child we must do more than answer his questions. We must look at death through his eyes. What does the death of a mother or father mean to a child, deep inside?

In the first place, not unexpectedly, he feels a great sense of loneliness and insecurity, which he may express in different ways. Peter, a sturdy and independent lad of six, following his father’s departure, constantly asked for help in feeding and dressing. In effect, he was saying, “Look! I feel all alone and I’m frightened. I want someone to hike care of me.” His older sister, Betty, a sensitive blond girl, reacted in a physical way—-she took to bedwetting and having digestive disorders.

Ironically, a child often blames a parent for dying. He sees it as a de• liberate act of rejection. “For if mother loved me,” he will reason to himself, “why did she go away and leave me?” Linda, a thoughtful six - year - old, begged her mother not to go away to a tuberculosis sanitarium. “I want you to stay home the way other mummies do,” she pleaded. “If you go away I’ll have to look for another mummy.” When the mother died a week later Linda was convinced her mother didn’t love her.

Obviously one of the immediate needs of a bereaved child is for a large portion of affection and attention from the surviving parent. If the parent is too overwhelmed by grief then another adult—someone who has always been close to the family—should fill the role. And the child has to be assured, over and over again, that the deceased parent loved him; that the parent did not leave of his own volition.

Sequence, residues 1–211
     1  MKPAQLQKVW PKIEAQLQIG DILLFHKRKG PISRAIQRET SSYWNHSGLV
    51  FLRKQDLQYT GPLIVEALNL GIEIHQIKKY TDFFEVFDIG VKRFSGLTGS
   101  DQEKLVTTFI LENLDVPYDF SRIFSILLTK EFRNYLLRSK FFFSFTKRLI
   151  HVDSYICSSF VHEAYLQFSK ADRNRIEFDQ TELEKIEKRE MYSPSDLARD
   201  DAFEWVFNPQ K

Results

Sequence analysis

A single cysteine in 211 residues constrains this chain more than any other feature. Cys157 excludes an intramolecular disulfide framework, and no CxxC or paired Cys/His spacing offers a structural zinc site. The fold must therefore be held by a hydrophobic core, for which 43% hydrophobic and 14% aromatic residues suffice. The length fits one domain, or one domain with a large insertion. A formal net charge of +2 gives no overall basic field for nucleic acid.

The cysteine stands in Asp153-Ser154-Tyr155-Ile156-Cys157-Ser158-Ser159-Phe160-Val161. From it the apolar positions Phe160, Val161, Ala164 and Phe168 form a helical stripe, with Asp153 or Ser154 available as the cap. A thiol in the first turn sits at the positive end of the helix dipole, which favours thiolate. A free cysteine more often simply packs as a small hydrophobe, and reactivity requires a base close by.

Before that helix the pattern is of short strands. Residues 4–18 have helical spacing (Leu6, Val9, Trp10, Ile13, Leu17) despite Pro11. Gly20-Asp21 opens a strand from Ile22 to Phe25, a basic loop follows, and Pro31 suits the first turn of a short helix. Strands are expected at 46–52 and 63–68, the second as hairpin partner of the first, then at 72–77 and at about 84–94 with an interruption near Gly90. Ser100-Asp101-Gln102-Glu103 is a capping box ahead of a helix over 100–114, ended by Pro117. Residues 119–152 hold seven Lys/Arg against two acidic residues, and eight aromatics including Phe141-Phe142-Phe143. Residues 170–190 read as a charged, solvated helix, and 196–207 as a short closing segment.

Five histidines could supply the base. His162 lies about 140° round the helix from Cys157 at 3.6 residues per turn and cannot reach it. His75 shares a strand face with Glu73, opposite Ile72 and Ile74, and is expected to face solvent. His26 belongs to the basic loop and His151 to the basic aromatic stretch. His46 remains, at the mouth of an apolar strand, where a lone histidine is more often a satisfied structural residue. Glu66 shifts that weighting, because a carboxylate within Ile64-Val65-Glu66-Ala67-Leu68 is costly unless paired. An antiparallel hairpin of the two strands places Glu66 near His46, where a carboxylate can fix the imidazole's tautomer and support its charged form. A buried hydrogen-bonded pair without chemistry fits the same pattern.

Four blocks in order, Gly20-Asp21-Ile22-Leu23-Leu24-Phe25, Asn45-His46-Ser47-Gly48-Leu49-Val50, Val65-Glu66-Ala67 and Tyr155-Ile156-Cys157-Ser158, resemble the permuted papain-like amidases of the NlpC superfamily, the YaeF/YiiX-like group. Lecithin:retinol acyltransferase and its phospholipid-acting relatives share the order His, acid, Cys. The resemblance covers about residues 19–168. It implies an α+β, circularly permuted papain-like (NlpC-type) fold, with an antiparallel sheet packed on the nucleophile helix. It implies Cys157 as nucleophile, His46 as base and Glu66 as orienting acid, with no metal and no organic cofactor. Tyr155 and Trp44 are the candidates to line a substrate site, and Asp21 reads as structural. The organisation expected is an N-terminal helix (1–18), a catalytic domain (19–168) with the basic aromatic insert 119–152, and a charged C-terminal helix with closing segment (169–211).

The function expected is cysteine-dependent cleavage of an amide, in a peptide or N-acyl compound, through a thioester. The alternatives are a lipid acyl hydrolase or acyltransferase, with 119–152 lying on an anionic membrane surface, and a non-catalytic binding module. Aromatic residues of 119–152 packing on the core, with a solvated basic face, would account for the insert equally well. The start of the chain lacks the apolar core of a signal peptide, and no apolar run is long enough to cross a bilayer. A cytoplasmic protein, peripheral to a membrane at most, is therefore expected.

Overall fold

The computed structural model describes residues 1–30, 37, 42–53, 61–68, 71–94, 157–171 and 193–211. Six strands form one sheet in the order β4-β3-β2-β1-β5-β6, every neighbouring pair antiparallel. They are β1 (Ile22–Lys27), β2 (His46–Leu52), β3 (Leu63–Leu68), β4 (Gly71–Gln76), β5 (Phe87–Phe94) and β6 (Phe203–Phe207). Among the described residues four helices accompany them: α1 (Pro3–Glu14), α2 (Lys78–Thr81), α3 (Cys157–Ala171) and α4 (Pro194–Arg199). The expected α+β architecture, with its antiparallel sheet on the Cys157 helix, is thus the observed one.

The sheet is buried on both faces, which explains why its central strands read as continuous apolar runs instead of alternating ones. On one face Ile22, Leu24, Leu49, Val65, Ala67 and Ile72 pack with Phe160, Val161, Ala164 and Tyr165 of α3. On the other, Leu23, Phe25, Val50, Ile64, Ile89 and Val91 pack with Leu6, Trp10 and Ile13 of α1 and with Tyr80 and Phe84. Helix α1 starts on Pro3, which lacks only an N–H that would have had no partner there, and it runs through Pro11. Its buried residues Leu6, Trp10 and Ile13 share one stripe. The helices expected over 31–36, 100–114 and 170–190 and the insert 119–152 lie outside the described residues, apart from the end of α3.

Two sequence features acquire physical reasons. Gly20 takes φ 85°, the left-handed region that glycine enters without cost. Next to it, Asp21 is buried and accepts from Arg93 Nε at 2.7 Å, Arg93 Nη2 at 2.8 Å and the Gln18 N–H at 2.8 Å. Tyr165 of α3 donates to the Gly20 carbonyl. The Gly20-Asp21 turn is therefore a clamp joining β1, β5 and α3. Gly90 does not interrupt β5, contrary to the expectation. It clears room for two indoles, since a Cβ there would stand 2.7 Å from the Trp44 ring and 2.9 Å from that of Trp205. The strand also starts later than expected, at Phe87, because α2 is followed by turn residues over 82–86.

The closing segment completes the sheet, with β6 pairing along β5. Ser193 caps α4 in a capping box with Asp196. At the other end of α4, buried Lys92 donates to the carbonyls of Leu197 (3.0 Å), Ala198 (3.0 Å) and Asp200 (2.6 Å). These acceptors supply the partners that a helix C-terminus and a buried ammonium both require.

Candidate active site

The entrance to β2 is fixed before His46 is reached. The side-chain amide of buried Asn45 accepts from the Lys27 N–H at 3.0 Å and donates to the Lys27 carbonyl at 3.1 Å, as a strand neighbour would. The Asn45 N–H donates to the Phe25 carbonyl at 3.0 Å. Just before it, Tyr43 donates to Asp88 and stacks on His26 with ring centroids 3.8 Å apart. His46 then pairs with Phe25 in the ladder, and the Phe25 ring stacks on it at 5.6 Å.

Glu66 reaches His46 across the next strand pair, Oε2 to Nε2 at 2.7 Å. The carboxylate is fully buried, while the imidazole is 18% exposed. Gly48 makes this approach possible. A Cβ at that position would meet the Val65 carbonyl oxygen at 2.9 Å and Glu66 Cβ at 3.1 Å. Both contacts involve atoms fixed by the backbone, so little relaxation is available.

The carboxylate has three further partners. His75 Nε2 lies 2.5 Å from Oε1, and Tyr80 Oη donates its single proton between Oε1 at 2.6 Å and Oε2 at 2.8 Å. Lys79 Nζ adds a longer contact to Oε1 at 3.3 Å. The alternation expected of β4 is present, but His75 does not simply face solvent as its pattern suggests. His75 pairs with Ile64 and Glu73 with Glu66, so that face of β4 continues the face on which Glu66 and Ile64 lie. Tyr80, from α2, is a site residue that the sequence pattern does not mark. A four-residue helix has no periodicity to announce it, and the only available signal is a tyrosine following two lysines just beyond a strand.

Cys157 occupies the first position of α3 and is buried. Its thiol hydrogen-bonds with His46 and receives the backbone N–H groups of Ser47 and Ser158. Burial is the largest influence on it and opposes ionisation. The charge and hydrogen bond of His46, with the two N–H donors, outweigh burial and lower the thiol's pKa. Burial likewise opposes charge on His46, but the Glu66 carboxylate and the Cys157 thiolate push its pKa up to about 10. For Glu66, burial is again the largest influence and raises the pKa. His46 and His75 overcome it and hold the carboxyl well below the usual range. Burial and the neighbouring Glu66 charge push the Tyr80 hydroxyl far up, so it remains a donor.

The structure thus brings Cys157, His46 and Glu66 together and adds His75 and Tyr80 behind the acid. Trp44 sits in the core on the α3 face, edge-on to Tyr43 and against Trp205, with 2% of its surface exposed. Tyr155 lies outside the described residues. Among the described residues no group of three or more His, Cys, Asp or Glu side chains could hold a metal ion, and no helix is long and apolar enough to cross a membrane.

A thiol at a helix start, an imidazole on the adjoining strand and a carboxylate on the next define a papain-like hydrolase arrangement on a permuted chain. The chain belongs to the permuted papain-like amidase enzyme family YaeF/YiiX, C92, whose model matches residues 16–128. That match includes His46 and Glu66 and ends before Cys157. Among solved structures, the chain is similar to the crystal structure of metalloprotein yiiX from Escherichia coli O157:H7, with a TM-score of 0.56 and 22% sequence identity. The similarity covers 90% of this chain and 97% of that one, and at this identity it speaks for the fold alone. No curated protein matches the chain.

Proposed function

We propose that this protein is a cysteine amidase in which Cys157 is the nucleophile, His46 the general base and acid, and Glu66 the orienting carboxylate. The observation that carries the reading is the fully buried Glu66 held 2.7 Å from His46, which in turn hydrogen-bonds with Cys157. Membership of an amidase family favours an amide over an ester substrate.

It is important to know that children usually feel guilty about a death in I the family; they feel that somehow I they caused it. Most kids believe they possess magical powers. What child, in a burst of anger or jealousy, has not wished that his sister or brother may die? If by some quirk of fate they should die, then the child will believe the death was the direct result of his angry wishes.

Or take the boy of five or six who is passing through the period of “being in love” with his mother. He regards his father as a rival for mother’s time and affection and often wishes his father would remove himself from the scene. In his own way he tells himself, “Wouldn’t it be paradise if only he weren’t here!” If father dies at the height of such feeling then the youngster may look upon himself as a murderer.

Some of the unthinking things we say to children may contribute to their feelings of guilt about death. For example, many mothers will chide their youngsters by saying, “You’ll be the death of me yet!” I knew of a matron in one children’s institution who used to say, “After I die I bet you’re going to be sorry for the way you treated me.”

All of this clearly suggests one thing: the child must be assured that he was in no way responsible for the death in the family. The death was nobody’s fault. Death is inevitable. Everybody must die. We cannot cause death merely by wishing for it.

What should the family attitude be toward the member who has died? Should we speak only well of him? Or, to protect the child from unnecessary pain, should we avoid reference to him entirely?